A plastic problem for a genuine people: how rubbish is threatening south east Asia’s future

March,  2017.

Plastic bottles, plastic bags and the stench of rubbish greeted us as we left a suburban train station in Kuala Lumpur to spend a few hours at one of Malaysia’s most revered Hindu temples and natural attractions, Batu Caves. It was a sign of things to come as we made our way past filthy souvenir stalls, more rubbish and tacky attractions to the temple. The Malaysian Hindu women were dressed to the nines in their elegant, colourful and immacuate saris, but their overwhelming beauty was tarnished by the litter they passed as they made the trek up 272 steps of the temple which has been built into the side of a huge and impressive limestone range and cave system.

Rubbish greeting tourists and pilgrims as they make their way to the world’s most prominent Hindu temple outside of India.


The Hindus removed their shoes for their pilgrimage while the tourists kept theirs on. As we climbed past a huge gold statue of Lord Murugan, the pavement and steps were wet and dirty rubbish, thieving monkeys persecuted those carrying food and roosters strutted wherever those chose. The magnificence of the huge cave, now with a cement floor and railings, the partly vegetated cave walls, and the beautiful statues embeded in the cave’s natural ledges were interuppted by the souvenir shop selling clocks with flashing lights that played Hindu chants, minature versions of the statue which stood so valiantly at the entrance to this great contradiction and hundreds of trinkets to remind the traveller of their visit to Kuala Lumpur. My memory won’t be of the Hindu god of war. It will be of filth.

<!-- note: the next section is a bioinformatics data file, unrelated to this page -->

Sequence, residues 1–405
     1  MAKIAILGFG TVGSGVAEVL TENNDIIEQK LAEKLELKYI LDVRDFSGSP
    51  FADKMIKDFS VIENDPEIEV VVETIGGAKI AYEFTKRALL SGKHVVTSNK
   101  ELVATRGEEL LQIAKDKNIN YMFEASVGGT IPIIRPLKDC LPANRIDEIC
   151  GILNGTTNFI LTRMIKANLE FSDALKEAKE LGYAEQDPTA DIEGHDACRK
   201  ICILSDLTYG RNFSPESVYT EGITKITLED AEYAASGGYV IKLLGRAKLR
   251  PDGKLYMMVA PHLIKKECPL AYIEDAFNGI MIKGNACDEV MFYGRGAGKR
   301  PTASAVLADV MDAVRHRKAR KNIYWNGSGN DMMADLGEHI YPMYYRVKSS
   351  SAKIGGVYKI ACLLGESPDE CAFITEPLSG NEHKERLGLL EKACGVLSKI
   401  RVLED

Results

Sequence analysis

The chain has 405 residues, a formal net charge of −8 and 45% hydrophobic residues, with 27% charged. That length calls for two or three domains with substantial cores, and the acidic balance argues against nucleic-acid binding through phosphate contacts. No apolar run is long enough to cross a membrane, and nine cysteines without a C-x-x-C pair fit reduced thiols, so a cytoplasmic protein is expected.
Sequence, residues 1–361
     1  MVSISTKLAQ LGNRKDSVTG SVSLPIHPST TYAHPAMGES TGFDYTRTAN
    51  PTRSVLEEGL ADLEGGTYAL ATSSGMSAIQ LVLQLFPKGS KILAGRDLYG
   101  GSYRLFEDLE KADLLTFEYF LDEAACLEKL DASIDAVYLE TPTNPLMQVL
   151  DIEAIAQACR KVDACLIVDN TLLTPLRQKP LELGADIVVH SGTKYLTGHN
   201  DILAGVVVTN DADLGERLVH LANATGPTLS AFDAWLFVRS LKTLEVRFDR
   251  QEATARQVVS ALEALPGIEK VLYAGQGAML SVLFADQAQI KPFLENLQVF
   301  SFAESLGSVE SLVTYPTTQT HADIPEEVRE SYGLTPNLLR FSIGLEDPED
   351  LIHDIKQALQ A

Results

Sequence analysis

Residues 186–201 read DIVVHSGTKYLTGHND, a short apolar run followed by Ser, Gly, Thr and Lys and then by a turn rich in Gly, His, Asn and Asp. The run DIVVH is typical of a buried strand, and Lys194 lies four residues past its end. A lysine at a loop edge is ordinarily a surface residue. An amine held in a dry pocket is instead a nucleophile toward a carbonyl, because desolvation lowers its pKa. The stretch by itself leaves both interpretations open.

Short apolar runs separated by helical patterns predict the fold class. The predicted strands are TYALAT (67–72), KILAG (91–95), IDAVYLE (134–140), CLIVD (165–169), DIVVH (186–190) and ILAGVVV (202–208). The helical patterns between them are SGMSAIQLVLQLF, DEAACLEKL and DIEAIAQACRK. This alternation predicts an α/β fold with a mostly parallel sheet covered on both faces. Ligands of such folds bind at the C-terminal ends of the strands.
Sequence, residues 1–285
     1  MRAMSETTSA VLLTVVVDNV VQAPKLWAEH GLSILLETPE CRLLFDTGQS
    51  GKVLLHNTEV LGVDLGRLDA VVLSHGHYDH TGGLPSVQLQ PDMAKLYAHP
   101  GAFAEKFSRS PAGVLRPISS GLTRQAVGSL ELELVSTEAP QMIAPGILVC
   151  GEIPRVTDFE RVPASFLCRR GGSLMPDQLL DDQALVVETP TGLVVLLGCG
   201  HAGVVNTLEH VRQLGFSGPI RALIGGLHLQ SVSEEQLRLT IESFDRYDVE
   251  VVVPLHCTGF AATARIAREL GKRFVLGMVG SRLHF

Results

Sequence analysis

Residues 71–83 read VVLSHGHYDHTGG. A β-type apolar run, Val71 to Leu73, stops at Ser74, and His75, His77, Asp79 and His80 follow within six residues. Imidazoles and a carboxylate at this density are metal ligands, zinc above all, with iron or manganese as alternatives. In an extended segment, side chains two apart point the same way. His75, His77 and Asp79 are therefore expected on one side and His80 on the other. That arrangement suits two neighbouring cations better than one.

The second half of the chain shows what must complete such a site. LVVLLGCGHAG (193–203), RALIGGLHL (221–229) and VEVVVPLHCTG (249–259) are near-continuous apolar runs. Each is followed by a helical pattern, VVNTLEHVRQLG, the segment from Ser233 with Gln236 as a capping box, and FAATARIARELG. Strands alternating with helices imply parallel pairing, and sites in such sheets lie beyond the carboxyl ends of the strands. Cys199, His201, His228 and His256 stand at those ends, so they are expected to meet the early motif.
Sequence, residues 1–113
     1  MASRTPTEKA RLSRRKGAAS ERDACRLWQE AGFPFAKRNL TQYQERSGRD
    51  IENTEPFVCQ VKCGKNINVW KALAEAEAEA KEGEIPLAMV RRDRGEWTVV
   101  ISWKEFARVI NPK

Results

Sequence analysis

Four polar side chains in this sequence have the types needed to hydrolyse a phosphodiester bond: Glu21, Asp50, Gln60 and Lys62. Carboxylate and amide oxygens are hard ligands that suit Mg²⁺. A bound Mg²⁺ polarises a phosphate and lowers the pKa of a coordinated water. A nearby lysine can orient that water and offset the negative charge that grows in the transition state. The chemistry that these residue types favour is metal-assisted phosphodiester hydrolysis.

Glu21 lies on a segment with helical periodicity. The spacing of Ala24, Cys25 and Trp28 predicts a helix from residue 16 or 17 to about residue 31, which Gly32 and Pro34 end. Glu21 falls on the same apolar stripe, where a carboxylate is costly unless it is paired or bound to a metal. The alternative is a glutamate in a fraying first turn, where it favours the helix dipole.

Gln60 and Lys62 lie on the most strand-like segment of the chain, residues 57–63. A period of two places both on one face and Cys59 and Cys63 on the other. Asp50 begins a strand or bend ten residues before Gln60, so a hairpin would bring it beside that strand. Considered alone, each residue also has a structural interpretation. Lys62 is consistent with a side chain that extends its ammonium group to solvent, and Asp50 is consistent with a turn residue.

Standing at 42.7 m (140 ft) high, the world’s tallest statue of Murugan, a Hindu deity, is located outside Batu Caves, near the city of Kuala Lumpur, Malaysia.
There is litter beside every one of the 272 steps leading to the Batu Caves temple and shrine.


It was obvious religion was cashing-in on both tourists and pilgrims. As a non-Hindu, I felt like I was western, white privileged voyeur. I was invading a special place I had little understanding of. But like most tourists, “it was cool to see”. It was something encouraged by the locals, keen to make a buck.

Without the rubbish, the cement and the souvenir shops, the Hindu pilgrimage to the temple within the Batu Caves is a sight to behold.

My cynicism and sentiment was echoed by a woman I met in Malaysia’s Cameron Highlands.